Don Bauder 7:30 p.m., Aug. 29
Café Madrid: Two Austrian gentlemen compare coffees
“Today, it’s not really important”
It’s a “where were you” moment.
Me, I was hanging around the Café Madrid coffee cart (1029 Orange Avenue, Coronado), thinking of getting one of their buns to go with my $1.50 medium coffee (one of the best brews on the island, I reckon).
Two gentlemen from Austria are ahead of me, asking for double espressos ($2 each). They’ve come to the US because one of them, Hans-Peter, wants to go to a conference about, uh, automatic people movers, those magic carpet things you use at airports to speed up the walk.
Somehow the news filters in about the bombings in Boston. Now all we're thinking about, talking about, is the explosions at the marathon. The agony going on right now. Lost lives, lost limbs, lost families, lost faith in humanity. And, of course, theories. Patriot’s Day message? Tax Day message? Kim Il Sung’s 101st birthday message?
“My theory?” says Hans-Peter, “is that it is a mad person. It would have to be. I think of Timothy McVeigh. Such a nice-looking young man. But look what he did in Oklahoma City. Or David Koresh. We were visiting Texas in 1993 when the Waco siege happened. We drove through Waco while it was happening. Perhaps it is too easy to get explosive materials and guns in this country, but it is part of your culture. We certainly don’t think of the US as the ‘Wild West’ any more. It is the most friendly country we know.”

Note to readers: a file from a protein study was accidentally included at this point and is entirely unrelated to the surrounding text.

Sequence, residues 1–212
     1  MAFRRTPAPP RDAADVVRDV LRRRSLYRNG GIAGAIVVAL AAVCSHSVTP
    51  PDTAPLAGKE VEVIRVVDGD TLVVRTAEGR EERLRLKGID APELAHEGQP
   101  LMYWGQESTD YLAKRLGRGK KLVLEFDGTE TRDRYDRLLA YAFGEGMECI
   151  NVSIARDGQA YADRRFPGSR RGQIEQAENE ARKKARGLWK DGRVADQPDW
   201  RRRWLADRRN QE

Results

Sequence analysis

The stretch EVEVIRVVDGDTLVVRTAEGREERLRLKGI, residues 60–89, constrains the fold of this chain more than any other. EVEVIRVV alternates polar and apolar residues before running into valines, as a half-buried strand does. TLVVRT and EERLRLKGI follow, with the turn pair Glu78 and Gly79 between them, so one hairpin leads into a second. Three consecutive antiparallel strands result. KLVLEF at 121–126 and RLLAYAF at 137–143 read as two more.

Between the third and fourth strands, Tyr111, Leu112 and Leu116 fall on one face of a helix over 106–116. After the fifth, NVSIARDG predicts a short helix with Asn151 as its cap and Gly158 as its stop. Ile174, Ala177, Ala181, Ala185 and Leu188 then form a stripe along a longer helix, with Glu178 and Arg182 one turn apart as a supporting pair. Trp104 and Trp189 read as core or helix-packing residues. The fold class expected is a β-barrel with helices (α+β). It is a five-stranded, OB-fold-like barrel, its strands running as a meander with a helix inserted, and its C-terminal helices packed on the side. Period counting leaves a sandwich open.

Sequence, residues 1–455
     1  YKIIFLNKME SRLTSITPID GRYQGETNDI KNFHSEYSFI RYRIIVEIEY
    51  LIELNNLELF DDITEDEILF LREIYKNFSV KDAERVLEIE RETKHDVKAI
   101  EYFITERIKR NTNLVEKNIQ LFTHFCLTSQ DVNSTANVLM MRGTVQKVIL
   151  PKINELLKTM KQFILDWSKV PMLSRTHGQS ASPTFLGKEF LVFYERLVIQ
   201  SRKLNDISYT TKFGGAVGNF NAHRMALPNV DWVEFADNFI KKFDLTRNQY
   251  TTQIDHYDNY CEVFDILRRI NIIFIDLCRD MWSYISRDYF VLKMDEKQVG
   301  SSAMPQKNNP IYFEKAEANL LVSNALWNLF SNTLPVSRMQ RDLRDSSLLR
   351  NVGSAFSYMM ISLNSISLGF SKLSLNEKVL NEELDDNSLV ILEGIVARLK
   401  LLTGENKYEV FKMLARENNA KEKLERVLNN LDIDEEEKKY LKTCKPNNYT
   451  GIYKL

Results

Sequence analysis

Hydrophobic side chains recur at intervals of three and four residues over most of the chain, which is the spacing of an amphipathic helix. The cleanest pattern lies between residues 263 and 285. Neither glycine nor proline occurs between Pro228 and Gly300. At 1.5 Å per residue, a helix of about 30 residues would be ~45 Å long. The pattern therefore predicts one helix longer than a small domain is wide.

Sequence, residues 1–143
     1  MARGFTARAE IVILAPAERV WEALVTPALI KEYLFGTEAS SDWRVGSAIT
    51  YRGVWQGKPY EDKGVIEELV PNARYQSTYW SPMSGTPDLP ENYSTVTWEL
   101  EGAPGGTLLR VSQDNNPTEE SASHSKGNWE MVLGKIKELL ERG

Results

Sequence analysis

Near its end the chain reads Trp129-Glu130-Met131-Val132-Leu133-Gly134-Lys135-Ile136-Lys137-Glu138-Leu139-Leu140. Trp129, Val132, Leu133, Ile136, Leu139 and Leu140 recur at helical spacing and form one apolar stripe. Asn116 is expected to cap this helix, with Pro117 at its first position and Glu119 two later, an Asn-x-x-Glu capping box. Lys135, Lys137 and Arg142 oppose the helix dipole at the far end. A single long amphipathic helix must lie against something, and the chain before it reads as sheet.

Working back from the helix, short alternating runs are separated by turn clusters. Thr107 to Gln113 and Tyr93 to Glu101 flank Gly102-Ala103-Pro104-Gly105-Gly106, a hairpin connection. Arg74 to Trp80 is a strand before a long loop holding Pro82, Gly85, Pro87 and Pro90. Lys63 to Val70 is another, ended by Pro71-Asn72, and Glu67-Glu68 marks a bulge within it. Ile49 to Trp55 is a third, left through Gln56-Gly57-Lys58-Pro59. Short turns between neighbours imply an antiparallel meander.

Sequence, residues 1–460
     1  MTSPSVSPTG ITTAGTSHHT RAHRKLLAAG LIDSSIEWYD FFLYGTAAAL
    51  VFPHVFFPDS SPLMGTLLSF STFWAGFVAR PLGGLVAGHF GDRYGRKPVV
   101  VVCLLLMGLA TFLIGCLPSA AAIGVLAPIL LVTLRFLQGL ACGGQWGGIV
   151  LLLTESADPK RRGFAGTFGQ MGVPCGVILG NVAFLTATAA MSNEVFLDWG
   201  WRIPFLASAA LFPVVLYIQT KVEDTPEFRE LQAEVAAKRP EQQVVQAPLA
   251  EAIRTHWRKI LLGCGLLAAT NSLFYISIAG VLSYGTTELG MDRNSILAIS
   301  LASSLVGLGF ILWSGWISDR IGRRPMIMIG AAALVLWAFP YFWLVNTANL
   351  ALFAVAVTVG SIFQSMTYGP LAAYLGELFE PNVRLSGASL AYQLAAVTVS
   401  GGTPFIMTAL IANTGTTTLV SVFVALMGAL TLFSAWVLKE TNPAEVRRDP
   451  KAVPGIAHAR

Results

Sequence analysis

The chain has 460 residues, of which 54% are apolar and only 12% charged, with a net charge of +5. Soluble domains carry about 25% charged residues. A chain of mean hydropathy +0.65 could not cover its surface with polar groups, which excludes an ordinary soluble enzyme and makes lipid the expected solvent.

We stare into space, and take sips from our cawfees. I’m starting to worry about Carla’s brother. He was due to fly to Boston today. Plus a runner I met said he was going to participate this year, just for bragging rights about having run in the oldest annual marathon in the world.
I’m kinda thankful for the sweet hot liquid running down my gullet. Then, to break the silence, even though it seems kinda crass, I ask, “How does our coffee rate against your Vienna coffee?
There’s a polite, awkward silence.
“Well, you can drink it,” says Hans-Peter.
“Except for Starbucks," says his friend, Johann. "Not drinkable, I’m afraid. Not for me. It’s the roasting. Also we Viennese like our coffee stronger than you make it."
"But this is nice," says Hans-Peter, nodding at his paper cup of espresso.
I can see what he's saying: On a day like today, does it really matter?
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